New Delhi: When Bharti Walmart Pvt. Ltd opened its wholesale store near Chandigarh earlier this year, it found in a customer survey that demand existed for a ghee (clarified butter) brand that had been non-existent in most markets for several years.
The retailer then approached GlaxoSmithKline Consumer Healthcare Ltd (GSKCH), the maker of Gopikaghee, and made a pitch for reviving the brand.
“We told them the opportunity is win-win for both of us,” said Arvind Mediratta, business head for cash-and-carry at Bharti Walmart, a 50:50 joint venture between Wal-Mart Stores Inc., the world’s largest retailer, and New Delhi-based Bharti Enterprises Ltd. “They didn’t have the distribution focus on that brand and we thought we could distribute it in our trade areas. So we entered into an exclusive distribution tie-up.”
Today, Gopika outsells market leader Verkaghee in that cash-and-carry store in Zirakpur, Punjab, and GSKCH is happy to see a big increase in its sales, said Mediratta.
Retailers in India are not only busy building their private label portfolios, they are also looking at opportunities to revive old brands that still enjoy some recall among consumers or are looking at relaunching brands that have lost their sheen over the years.
Bharti Walmart is also handling the distribution of another GSKCH brand—the chocolate-flavoured health drink Maltova. Since acquiring Maltova from Jagatjit Industries in 2000, GSKCH has re-launched the brand twice—in 2002 and in 2004.
The brand had, however, “lost momentum”, according to Mediratta.
He said Maltova is now selling very well in Bharti Walmart’s three stores in Punjab, the target market of the beverage.
GSKCH, through its public relations agency Genesis Burson-Marsteller, declined to comment for this story. Emails sent to Shubhajit Sen, the company’s executive vice-president for marketing, on 30 November went unanswered.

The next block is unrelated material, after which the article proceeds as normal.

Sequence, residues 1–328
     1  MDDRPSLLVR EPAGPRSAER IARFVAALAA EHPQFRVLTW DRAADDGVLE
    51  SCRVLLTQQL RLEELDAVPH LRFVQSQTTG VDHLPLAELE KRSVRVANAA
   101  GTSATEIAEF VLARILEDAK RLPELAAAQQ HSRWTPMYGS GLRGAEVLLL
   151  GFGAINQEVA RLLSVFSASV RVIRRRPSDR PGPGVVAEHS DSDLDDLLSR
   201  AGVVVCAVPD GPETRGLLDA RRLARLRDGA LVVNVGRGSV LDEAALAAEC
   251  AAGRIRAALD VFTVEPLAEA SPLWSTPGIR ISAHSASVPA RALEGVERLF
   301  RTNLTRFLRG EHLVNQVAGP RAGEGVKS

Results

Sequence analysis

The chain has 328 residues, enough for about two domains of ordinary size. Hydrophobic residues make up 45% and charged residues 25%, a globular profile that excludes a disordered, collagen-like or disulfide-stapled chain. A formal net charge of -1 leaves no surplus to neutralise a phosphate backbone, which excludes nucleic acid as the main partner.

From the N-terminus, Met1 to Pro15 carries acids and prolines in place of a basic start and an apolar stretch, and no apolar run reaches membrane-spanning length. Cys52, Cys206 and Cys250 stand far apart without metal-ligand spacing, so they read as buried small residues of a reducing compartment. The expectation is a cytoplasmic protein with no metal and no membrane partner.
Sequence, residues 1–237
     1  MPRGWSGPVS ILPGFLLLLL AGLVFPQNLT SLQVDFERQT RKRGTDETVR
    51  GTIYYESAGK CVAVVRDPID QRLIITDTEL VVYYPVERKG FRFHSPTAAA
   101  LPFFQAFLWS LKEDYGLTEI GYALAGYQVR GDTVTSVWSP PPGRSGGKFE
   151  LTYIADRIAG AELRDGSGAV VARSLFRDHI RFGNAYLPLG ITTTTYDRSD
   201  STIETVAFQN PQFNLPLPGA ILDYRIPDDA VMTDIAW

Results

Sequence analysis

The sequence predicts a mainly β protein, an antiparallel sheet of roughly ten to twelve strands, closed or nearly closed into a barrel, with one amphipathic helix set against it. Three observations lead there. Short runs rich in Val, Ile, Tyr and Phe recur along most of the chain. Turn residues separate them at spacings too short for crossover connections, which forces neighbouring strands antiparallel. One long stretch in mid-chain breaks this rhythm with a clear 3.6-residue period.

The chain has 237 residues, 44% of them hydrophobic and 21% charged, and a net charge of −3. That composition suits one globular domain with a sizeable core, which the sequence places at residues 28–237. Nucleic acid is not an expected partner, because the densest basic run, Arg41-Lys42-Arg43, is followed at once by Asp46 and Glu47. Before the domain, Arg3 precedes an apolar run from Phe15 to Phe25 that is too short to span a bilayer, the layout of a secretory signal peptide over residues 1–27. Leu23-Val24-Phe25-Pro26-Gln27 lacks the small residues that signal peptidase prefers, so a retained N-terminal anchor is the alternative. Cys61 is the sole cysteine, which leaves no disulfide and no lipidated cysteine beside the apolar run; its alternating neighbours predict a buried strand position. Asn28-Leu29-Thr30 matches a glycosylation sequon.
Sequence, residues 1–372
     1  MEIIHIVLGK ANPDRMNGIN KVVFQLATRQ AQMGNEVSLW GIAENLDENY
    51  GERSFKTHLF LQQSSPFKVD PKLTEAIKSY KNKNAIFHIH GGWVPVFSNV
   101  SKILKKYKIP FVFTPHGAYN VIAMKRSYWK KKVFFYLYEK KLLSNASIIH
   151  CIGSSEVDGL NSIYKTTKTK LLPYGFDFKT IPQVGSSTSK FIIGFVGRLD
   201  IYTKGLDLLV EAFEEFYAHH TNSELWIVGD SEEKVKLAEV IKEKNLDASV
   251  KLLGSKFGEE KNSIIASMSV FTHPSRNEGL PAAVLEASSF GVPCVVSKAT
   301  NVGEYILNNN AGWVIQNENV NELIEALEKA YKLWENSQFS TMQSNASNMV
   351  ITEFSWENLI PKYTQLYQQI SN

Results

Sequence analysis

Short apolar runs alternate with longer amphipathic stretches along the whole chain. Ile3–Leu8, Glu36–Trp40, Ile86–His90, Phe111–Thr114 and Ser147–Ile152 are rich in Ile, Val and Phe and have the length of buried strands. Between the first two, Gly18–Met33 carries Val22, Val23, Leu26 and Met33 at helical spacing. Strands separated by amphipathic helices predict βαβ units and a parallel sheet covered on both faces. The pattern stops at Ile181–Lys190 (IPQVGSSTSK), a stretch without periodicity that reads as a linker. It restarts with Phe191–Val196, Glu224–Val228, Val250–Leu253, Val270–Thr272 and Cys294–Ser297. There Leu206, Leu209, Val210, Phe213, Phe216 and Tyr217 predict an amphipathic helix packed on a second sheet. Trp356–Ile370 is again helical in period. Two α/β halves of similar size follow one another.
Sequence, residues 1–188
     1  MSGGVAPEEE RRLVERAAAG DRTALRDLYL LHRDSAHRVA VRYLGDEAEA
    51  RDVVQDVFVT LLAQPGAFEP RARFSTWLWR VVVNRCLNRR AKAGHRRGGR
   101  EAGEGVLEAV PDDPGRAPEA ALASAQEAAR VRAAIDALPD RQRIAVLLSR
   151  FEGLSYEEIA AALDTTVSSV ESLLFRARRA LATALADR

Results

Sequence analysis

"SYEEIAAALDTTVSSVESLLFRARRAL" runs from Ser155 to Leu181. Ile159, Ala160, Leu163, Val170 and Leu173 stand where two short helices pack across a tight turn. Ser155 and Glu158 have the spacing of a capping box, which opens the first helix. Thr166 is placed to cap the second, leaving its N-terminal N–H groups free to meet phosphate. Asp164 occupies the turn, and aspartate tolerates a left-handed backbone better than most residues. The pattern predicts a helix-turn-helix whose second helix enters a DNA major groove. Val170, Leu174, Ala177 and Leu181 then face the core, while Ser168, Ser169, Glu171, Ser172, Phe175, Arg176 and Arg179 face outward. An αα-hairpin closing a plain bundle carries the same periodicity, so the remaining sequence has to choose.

There have been other successful brand revivals. In 2006, the Future Group acquired a mothballed jeans brand, Buffalo, from a family-owned company because the retailer found the brand still retained some “residual memory” among consumers. The company relaunched the jeans brand and spent crores of rupees in marketing it.
“We are extremely happy with it, and today it’s one of the fastest growing among our brands,” said Santosh Desai, managing director of Future Brands Ltd, the unit that is developing private brands for the country’s largest retail group.
Kishore Biyani, chief executive officer of Future Group, said his organization is currently in talks to acquire “many” such defunct brands in the home and personal consumer goods segments, declining to name any.
“Instead of building a new brand, why can’t we take a defunct brand and build it up so the primary work is always done,” he said. “It brings brand salience.”
Brand salience is the degree to which a brand is recalled by a consumer who is about to make a purchase.
Biyani said the company is also on the lookout for small-time brands that can be scaled up.
Jealous, a small jeans brand acquired five years ago, was a small Rs.1 crore business. “Now it’s nearly a Rs.40 crore brand for us,” he said.
According to Abhishek Malhotra, a partner at consulting firm Booz and Co., reviving existing brands comes with its own sets of advantages such as a ready infrastructure and brand equity.
“For modern trade, there are two choices. Either they can create their own brands or there is benefit of going with an existing brand that has all the infrastructure and try to reinvigorate that,” he said.
An organized retailer can help a great deal in reviving a brand, Malhotra said, and added, “A Wal-Mart or an Aditya Birla (retail) can offer significant upside and bring it back into the brand curving.”
Encouraged by its experience, such as with Gopika, Bharti Walmart said it will continue to identify regional brands that have appeal in certain parts of India as it expands to newer states.
Currently, Bharti Walmart operates five Best Price Modern Wholesale hypermarkets— three in Punjab, and one each in Rajasthan and Madhya Pradesh. It plans to expand to other parts of the country.
“We will certainly look at such brands, which may not be national brands, but would have some brand equity in certain pockets of the country,” Mediratta said.